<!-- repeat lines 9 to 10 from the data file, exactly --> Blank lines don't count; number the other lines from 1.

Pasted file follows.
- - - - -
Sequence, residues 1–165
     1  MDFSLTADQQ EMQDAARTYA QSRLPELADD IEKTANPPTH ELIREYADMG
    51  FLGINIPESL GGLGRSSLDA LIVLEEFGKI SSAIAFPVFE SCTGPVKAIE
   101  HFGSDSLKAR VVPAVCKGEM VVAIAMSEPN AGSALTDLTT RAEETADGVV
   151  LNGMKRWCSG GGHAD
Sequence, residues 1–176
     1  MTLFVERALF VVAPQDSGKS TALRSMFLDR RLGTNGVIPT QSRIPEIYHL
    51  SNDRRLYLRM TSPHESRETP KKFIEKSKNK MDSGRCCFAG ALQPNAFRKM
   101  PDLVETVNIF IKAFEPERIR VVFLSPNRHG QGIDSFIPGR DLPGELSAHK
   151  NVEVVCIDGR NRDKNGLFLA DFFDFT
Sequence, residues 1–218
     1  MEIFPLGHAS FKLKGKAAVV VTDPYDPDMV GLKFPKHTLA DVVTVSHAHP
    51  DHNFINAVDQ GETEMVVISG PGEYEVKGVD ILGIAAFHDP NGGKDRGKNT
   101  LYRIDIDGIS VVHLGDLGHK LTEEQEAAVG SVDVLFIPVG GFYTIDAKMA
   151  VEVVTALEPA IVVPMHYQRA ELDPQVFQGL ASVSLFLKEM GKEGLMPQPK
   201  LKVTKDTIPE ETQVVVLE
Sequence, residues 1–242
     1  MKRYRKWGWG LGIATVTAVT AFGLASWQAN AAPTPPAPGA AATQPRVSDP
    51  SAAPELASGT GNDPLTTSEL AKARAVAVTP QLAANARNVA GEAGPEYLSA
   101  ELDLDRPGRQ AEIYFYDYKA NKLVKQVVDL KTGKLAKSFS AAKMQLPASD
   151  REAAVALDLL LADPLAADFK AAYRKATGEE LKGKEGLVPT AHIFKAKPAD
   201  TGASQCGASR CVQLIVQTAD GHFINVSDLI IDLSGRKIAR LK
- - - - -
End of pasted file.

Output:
   101  PDLVETVNIF IKAFEPERIR VVFLSPNRHG QGIDSFIPGR DLPGELSAHK
   151  NVEVVCIDGR NRDKNGLFLA DFFDFT